During 1993 and 1994 in developing the principles established in the new Constitution of 1991 to improve governance, the Law 105 of 1993 and the national government of President César Gaviria, by Decree 1647 of 994, arranged decentralization airports by the Civil Aeronautics and set the parameters for this process forward. The aim was, therefore, to improve the technical capacity of Civil Aviation to carry out the functions of operation, control, service development and maintenance of the system of air traffic control, monitoring of air operations, technical control, moving territorial entities and public companies, private or mixed economic management and operation of airports. The Civil Aviation together with the consulting firm Booz Allen & Hamilton, the outline design of decentralization and concession contracts.
As a result of the study, the COMP (Committee for Economic and Social Policy), Ministry of Finance instructed the Civil Aeronautics initiation of processes for delivery through concession contracts busiest airports in the country El Dorado International Airport in Bogota, Alfonso Bonilla Aragon International Airport in Cali, Ernesto Cortissoz International Airport in Barranquilla and finally Rafael Nuñez Airport in Cartagena. After the failed bidding process for the Cali airport, it was restarted with Rafael Nunez airport tender on November 14, 1995. Closed on February 26, 1996, with the award of a contract to the Society Caribbean Airports S.A. (SACSA), which had as its operating partner at Schiphol Airport in the Netherlands. The transfer from the airport to the private operator took effect on September 25, 1996, for a period of 15 years. The first two years were quite complicated, it was the first case of transfer from one airport to private hands. The flow of passengers and number of operations did not coincide with the projections, to the detriment of the economic balance of the contract and SACSA signature was on the verge of bankruptcy. There need to renegotiate the terms of the contract by the Civil Aeronautics to save the grant. In this process is compounded by the sudden death of the Concession Manager, Eric Okker and replacement of the operator partners. Schiphol withdrew from the project and assumed the role of operating partner, the Spanish company AENA, which during this period had also made the concession of the airport in Barranquilla Ernesto Cortissoz. SACSA Since then the company has handled the airport to make the investments necessary under the Master Plan for airport development, improving air and for the construction of seven bridges of collision, extension, and maintenance of the platform of the main runway and taxiways.
Today, the Rafael Nunez International Airport is the fourth largest airport in the country, and one of the largest in the Caribbean region.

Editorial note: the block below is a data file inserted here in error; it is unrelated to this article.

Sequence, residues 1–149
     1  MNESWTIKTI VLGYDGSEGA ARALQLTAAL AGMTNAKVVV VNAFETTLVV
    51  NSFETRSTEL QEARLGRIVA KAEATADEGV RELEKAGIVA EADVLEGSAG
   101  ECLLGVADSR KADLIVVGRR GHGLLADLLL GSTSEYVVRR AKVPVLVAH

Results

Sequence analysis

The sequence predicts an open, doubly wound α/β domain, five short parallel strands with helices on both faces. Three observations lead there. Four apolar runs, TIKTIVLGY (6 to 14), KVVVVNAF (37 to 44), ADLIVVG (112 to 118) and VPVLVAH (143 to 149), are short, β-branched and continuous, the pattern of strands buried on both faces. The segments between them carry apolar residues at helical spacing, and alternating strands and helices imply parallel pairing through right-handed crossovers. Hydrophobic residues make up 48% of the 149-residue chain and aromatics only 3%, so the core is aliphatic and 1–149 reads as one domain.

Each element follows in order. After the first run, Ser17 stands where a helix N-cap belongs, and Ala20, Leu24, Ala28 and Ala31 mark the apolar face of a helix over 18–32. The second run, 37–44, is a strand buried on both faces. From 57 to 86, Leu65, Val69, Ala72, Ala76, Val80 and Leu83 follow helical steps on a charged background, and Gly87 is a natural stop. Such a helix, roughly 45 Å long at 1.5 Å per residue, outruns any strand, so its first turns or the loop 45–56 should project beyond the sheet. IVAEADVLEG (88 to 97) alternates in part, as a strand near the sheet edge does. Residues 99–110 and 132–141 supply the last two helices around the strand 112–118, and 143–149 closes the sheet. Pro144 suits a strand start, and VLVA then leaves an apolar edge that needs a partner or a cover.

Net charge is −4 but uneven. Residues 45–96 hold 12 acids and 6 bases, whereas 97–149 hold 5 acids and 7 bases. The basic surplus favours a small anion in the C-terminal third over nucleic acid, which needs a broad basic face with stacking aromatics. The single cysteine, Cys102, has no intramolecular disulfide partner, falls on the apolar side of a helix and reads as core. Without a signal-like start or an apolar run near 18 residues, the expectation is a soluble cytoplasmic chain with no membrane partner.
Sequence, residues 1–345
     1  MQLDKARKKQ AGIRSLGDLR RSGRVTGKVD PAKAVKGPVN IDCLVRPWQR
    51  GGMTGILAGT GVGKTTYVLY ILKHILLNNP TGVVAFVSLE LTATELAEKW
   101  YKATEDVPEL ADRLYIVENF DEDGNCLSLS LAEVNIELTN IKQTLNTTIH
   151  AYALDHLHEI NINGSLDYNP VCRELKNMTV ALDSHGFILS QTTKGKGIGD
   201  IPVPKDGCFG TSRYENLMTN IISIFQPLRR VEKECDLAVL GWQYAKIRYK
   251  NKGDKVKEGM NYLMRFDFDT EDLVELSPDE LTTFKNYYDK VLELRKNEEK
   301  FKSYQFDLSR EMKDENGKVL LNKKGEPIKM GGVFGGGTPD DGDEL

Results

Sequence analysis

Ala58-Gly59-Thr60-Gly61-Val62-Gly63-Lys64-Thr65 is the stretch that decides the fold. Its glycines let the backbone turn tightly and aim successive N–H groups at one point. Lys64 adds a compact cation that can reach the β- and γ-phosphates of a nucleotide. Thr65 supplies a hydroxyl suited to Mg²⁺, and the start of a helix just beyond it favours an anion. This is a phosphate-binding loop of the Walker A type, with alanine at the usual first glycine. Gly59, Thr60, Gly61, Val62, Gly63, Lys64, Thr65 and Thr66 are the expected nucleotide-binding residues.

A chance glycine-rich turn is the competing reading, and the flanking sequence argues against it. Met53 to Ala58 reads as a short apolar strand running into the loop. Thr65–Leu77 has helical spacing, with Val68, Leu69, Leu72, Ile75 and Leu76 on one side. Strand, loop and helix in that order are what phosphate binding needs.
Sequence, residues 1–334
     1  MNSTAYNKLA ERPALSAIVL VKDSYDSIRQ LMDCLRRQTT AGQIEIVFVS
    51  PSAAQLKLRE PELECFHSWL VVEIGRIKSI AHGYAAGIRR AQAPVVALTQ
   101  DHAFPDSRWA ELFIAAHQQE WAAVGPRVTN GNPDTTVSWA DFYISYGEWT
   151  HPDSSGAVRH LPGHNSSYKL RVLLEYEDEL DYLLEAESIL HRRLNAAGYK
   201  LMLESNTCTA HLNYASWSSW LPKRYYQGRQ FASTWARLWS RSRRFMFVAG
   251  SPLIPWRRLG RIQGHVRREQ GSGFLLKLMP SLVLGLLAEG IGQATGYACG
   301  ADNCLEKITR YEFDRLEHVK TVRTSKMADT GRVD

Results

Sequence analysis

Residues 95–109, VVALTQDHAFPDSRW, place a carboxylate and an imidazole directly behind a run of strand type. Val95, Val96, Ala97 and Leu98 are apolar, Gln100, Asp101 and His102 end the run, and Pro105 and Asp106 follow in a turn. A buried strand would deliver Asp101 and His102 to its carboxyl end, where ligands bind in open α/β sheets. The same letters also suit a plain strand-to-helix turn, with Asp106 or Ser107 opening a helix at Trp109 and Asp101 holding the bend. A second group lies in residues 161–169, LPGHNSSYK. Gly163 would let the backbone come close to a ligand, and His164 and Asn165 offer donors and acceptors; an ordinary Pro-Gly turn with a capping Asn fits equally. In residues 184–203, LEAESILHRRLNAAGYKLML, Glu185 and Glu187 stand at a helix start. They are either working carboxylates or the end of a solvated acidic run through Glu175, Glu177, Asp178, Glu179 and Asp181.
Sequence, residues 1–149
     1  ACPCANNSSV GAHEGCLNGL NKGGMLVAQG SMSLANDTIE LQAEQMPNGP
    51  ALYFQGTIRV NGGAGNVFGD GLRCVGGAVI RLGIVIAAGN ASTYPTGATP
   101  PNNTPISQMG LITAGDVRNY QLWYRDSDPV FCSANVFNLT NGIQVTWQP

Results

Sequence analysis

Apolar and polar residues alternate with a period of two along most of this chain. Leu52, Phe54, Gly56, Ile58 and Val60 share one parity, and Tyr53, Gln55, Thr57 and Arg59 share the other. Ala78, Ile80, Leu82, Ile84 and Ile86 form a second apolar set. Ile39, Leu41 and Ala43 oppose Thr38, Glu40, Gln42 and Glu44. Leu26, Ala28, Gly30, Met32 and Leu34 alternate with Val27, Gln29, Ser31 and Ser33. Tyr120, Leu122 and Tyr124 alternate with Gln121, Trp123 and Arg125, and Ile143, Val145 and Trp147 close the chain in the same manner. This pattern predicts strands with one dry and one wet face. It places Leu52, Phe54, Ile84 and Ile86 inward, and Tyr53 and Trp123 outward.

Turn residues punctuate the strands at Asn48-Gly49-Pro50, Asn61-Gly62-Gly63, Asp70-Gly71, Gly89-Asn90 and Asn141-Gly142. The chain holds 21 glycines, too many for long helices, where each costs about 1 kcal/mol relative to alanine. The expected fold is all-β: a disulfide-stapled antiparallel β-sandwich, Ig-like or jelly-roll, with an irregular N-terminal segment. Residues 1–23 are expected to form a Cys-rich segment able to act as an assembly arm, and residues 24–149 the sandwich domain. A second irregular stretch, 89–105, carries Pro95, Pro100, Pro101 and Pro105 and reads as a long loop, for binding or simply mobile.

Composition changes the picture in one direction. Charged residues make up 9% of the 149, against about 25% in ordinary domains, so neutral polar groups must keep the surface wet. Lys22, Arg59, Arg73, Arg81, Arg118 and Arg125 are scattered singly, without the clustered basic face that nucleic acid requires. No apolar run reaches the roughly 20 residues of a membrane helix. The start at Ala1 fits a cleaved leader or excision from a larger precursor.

Airlines and destinationsEdit
|Líneas Aéreas Suramericanas||Bogotá|
|1||Panama City, Panama||140,388||1,70%||Copa Airlines, Copa Airlines Colombia|
|2||Fort Lauderdale, USA||140,266||37,64%||Jet Blue, Spirit Airlines|
|3||New York-Kennedy, USA||91,554||93,01%||Avianca, Jet Blue|
|4||Miami, United States||71,116||8,81%||American Airlines, Avianca|
|1||Bogota||2,390,508||12,58%||Avianca, Copa Airlines Colombia, LATAM Colombia, Viva Colombia|
|2||Medellin, Antioquia||614,520||8,98%||Aerolínea de Antioquia, Avianca, LATAM, Viva Colombia|
|3||Cali, Valle del Cauca||172,113||37,56%||Avianca, Viva Colombia|
|4||San Andrés||101,587||55,02%||Copa Airlines Colombia, Viva Colombia|
|5||Pereira, Risaralda||93,842||6,64%||Avianca, Viva Colombia|
|6||Bucaramanga, Santander||27,646||11,56%||EasyFly, Viva Colombia.|
Capacity and structureEdit
- The airport is connected with 3 bays accessible from the runway, the aircraft taxi down the runway 1000 meters to stop turning over 300 meters and take-off position. The track is 60 meters wide and 2,600 m long at 0 meters above sea level provides sufficient capacity for modern transatlantic aircraft operations without problems.
- The airport has the capacity to house 11 aircraft and open skies for charter operations.
- Currently, SACSA S.A. has the contract to administer the airport
- Airport information for Rafael Núñez International Airport at Great Circle Mapper.
- "Google Maps".
- "Cartagena NDB (CT) @ OurAirports".
- "Cartagena VOR-DME (CTG) @ OurAirports".
- Liu, Jim. "Viva Air Peru adds Cartagena service from June 2019". Routesonline. Retrieved 9 May 2019.
- Media related to Rafael Núñez International Airport at Wikimedia Commons
- Official website
- OpenStreetMap - Cartagena
- OurAirports - Cartagena
- SkyVector - Cartagena
- Accident history for CTG at Aviation Safety Network
- Airport information for SKCG at World Aero Data. Data current as of October 2006.
- Current weather for SKCG at NOAA/NWS